A recent study from Nagoya University has shown that microRNAs in urine may be promising biomarkers for detecting brain tumors.
MicroRNAs are a class of small, single-stranded non-coding ribonucleic acids that are unique to eukaryotic cells. They are secreted by a variety of cells and are found in biological fluids such as urine and blood.
Brain tumors are difficult to diagnose at an early stage, as affected individuals undergo tests such as CT (computed tomography) or MRI (magnetic resonance imaging) only after the onset of neurological disturbances, such as difficulty in moving or speaking. Unfortunately, at this stage the tumor has often grown too large to be completely removed. Accurate, easy and inexpensive methods are therefore needed to detect it before it is too late.
MicroRNAs have come to the attention of scientists as possible indicators of cancerous tumors. Therefore, in a study published in ACS Applied Materials & Interfaces the scientists proposed urine analysis, which has the advantage of being easy to perform, as a means of detection. This technique had not been thoroughly explored before because the methods were not effective, in terms of variety and efficiency, for extracting microRNAs from urine. Therefore, the researchers had to develop a device that could do this.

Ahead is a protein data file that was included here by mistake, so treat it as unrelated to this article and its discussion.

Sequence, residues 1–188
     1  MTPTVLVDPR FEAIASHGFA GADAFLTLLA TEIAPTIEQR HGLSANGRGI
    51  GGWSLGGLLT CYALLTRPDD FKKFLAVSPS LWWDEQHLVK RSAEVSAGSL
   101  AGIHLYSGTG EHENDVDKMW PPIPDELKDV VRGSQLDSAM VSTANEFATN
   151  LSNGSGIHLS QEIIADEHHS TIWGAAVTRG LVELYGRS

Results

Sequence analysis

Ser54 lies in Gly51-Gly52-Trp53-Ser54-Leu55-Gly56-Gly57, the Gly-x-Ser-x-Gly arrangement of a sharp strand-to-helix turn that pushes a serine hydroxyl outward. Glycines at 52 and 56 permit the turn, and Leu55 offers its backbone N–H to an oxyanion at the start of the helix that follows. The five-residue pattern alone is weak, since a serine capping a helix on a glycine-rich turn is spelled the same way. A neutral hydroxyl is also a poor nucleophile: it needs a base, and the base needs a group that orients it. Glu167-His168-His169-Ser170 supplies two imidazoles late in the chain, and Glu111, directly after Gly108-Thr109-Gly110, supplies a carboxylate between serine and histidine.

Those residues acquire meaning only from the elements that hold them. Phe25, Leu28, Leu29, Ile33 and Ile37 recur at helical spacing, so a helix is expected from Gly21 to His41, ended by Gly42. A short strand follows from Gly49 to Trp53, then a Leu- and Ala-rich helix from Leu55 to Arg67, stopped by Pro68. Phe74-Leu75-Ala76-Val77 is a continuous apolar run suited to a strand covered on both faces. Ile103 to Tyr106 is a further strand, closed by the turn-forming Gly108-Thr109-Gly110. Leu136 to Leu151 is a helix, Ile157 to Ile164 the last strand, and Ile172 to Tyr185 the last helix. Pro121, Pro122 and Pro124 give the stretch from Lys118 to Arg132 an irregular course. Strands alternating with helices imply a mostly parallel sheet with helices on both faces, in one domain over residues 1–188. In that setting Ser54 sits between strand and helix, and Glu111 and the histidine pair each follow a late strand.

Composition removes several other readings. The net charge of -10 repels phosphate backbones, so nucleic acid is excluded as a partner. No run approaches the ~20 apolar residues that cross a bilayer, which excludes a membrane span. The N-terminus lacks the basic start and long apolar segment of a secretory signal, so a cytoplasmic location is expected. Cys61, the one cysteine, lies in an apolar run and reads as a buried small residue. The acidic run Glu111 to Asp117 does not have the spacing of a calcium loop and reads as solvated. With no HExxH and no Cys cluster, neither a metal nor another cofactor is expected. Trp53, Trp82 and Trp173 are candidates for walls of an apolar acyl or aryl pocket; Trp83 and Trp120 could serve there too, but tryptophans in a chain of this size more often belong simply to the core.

The microRNA extraction device
The new device they have created is equipped with 100 million zinc oxide nanowires, which can be sterilized and mass-produced, making them suitable for medical use. They can extract a larger and more varied amount of microRNA from patients than conventional methods.
Using this new technique, they proved that microRNAs can be used effectively as biomarkers by comparing urine samples from patients with and without brain tumors. The results showed that the device distinguished between sick and healthy people with a sensitivity of 100% and a specificity of 97%, regardless of the malignancy and size of the tumors.
The researchers hope that their discovery will help to quickly diagnose aggressive forms of brain cancer, such as glioblastoma. Dr. Natsume, one of the study’s authors, is pleased with the breakthrough: “In the future, through the combined use of artificial intelligence and telemedicine, people will be able to detect the presence of cancer, while doctors will be able to know the status of sufferers with just a small daily sample of their urine. ”